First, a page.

Originally created 01/08/01

Digital darkrooms put photos online

SAN FRANCISCO -- Ron Hurst doesn't own a digital camera. But he plans to use a computer to process, view and perhaps even touch up all the family photos he took over the holidays.

Even as he continued to rely on old-fashioned film over the past year, Hurst was able to improve his pictures courtesy of a digital photography Web site.

"I love it. It's like having your own digital darkroom," said Hurst, 53, of Vallejo, Calif. "For an old guy like me, this was a great vehicle to break into the digital age."

Sites like Shutterfly.com, Snapfish.com and Ofoto.com convert traditional film into a digital format for little or no charge. Hurst uses Shutterfly, mailing his negatives to the Redwood City, Calif.-based company in a postage-paid pouch .

The sites notify photographers when their images are posted online, where the shutterbugs can crop or clean them up. It's a good way, for example, to remove that annoying red-eye effect.

The pictures can be sorted into online photo albums, which site operators say can't be viewed by uninvited guests, and most sites also offer e-mailing services to pass along the digital images.

"We can make even lousy pictures look good," boasts Jayne Spiegelman, Shutterfly's CEO. "People who try our service usually become evangelical about it."

The sites also give photographers, as well as their family and friends, the option of selectively ordering prints instead of paying for an entire roll of prints.

As well, most offer free prints initially to lure new customers -- some with processing included.

Snapfish, for instance, will develop up to 24 rolls of film annually for a $1.69 shipping and handling charge per roll. After introductory promotions, prints at Shutterfly and Ofoto range in cost from 49 cents per 4-by-6 to $2.99 per 8-by-10.

By offering relative bargains now, the sites hope to persuade the photography masses to go digital.

"The end game is to get all the people still using film to go online and then have them eventually migrate over to digital cameras," said Raj Kapoor, CEO of San Francisco-based Snapfish.

This month shapes up as a prime time for the digital photography sites to win over new converts, because digital cameras landed under a lot of Christmas trees last month.

Digital camera sales nationwide rose 26 percent in December from the prior year, said CS First Boston photo industry analyst Gibboney Huske -- not as much as many in the industry hoped, but still a decent gain.

About 7 million digital cameras were shipped in 2000, according to IDC, a Framingham, Mass., research firm. IDC expects digital camera sales to average a 40 percent annual increase during the next four years.

"Digital cameras are like an oncoming tidal wave and we are going to float with the rising tide," said James Joaquin, CEO of Berkeley-based Ofoto.

While almost everyone agrees digital cameras are bound to become a must-have gadget in the future, analysts aren't convinced the digital photography sites are going to survive to capitalize on the trend.

"It's a neat idea, but I'm not real optimistic about their prospects," said Chris Chute, an IDC analyst. "There is going to be some tough competition and a lot of these sites have pretty kooky business models."

They also have some well-known financial backers.

Two former allies at Netscape Communications, which developed the Web browser that revolutionized the Internet, have invested in two of the digital photo sites.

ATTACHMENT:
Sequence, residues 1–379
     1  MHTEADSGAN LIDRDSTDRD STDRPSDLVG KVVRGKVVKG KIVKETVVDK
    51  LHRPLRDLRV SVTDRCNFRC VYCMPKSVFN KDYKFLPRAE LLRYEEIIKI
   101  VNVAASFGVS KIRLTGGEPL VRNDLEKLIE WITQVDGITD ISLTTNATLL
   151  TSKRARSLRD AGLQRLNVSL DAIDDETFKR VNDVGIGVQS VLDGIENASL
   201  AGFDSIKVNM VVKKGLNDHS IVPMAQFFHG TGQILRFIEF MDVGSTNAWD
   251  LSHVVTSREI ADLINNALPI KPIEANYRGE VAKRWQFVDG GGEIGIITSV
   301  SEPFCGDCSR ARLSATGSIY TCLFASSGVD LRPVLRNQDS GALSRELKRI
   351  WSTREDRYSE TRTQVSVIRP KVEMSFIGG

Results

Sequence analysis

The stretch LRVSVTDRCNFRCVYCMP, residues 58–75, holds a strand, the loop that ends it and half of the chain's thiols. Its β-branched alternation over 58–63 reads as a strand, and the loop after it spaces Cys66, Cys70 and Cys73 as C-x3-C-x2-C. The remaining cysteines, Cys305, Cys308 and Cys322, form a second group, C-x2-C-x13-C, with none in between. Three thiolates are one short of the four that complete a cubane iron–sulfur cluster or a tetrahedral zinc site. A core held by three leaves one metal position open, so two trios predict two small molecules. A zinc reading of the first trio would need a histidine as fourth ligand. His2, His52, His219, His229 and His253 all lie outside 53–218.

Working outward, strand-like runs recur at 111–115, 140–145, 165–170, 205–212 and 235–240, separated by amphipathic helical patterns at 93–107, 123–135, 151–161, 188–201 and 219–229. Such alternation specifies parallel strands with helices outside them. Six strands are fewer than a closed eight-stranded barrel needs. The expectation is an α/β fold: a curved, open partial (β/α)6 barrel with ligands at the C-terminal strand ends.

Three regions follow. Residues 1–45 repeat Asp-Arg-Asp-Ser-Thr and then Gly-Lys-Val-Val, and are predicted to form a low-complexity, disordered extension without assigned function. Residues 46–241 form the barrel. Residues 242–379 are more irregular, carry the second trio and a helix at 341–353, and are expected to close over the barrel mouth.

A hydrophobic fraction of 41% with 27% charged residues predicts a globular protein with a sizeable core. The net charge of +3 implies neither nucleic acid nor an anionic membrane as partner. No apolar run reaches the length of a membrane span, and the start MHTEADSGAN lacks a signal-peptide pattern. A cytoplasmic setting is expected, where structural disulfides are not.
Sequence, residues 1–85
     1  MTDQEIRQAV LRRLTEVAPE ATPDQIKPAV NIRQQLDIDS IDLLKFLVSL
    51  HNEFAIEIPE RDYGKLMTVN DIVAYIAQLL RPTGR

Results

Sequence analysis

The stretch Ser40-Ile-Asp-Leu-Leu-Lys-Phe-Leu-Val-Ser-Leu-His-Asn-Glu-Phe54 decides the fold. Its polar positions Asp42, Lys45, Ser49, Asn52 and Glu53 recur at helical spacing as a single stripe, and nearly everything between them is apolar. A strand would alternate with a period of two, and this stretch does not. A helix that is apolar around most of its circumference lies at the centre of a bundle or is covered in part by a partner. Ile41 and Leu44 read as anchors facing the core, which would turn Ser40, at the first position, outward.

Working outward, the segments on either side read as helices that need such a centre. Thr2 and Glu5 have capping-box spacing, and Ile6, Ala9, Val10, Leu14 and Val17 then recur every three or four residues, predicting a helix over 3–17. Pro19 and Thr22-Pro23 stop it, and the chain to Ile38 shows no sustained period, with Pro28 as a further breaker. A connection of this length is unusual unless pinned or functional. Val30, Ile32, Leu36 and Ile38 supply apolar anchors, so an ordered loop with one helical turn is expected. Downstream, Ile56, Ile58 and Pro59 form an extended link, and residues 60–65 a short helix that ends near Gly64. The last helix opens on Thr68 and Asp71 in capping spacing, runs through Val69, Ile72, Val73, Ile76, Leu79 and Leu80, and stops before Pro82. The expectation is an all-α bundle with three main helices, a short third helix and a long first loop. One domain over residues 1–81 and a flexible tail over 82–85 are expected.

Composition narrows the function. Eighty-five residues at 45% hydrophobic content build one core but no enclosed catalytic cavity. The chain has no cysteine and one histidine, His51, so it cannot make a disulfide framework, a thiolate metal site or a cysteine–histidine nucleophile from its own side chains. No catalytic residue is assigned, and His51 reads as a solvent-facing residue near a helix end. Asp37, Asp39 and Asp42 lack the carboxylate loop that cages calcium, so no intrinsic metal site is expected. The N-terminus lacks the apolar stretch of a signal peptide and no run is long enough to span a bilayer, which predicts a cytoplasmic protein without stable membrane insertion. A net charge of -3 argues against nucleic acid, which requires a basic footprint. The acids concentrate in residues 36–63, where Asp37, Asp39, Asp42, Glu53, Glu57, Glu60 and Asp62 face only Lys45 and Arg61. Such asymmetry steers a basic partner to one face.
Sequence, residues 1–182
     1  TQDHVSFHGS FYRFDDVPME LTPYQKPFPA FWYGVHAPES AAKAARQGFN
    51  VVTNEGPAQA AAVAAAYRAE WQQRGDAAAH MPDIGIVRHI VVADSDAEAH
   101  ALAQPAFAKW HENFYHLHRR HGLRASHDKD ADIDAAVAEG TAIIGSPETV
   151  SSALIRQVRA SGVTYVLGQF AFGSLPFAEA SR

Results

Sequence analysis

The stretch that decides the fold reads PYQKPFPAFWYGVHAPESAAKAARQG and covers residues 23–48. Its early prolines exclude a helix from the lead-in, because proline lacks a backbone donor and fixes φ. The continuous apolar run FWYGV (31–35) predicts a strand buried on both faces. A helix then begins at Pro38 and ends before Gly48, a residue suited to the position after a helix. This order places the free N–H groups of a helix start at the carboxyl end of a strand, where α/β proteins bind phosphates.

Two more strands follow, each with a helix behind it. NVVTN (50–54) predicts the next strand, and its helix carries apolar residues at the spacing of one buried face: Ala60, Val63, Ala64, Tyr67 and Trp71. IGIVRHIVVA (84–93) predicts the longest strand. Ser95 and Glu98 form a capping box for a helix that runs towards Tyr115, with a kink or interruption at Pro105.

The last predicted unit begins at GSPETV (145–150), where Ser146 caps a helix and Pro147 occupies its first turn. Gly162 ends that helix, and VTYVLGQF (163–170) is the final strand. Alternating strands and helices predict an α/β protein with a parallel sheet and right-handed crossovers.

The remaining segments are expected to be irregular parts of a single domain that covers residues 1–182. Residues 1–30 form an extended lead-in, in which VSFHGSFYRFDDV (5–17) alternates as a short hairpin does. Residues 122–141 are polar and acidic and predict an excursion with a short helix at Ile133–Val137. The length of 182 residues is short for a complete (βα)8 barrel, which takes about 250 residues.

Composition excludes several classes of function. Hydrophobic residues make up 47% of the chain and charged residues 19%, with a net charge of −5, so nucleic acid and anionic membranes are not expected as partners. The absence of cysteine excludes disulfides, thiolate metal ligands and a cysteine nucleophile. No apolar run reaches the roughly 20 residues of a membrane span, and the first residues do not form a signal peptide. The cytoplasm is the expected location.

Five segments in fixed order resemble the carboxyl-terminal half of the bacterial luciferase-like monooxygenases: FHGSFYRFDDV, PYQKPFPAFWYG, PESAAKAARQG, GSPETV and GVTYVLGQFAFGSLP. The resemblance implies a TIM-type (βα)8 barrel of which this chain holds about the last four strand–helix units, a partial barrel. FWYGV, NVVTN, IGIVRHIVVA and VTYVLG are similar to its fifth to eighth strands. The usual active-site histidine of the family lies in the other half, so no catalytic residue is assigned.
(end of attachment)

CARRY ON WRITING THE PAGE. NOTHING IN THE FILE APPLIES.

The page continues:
Netscape co-founder Jim Clark is chairman of Shutterfly and contributed a chunk of the $25 million in the company's venture capital. James Barksdale, Netscape's former CEO, invested a portion of the $16 million behind Ofoto.

Analysts say it will take more than an impressive pedigree to survive in a treacherous environment for e-commerce companies.

Huske predicts at least two digital photography sites will run out of money this year as their losses continue to mount.

Besides Shutterfly, Snapfish and Ofoto, other high-profile sites include Photopoint.com, Ememories.com and Zing.com. All the sites are privately held and don't disclose their financials.

Posting digital pictures is already immensely popular. About 15 million people have displayed pictures online, according to InfoTrends, a Boston research firm.

Relatively few people, though, are spending money to have their pictures developed and printed by the Web sites.

"The revenue from prints doesn't seem to be meeting expectations," said InfoTrends analyst Lia Schubert.

Online photo printing was a $13 million business in 2000, Huske estimated. That's a mere speck in the overall $40 billion photofinishing industry.

Despite the expected growth of digital camera sales, online photofinishing will remain relatively small at $1.3 billion in 2005, Huske projected.

Perhaps the biggest obstacle facing digital photography sites is the absence of high-speed Internet access in most U.S. homes and increasing competition from deep-pocketed retailers.

High-speed Internet access is an issue because transferring, or "uploading," the images taken by a digital camera to a Web site can be a time-consuming, exasperating task over a dial-up modem connection.

Until faster Internet connections are widely available in homes, analysts reason, most consumers won't take the time or make the effort to transfer their digital pictures to the leading Web sites.

"It can certainly take a while to transfer the pictures," Spiegelman acknowledged, "but people find that they gain so much with the quality of their pictures that they usually conclude that it's worth the pain."

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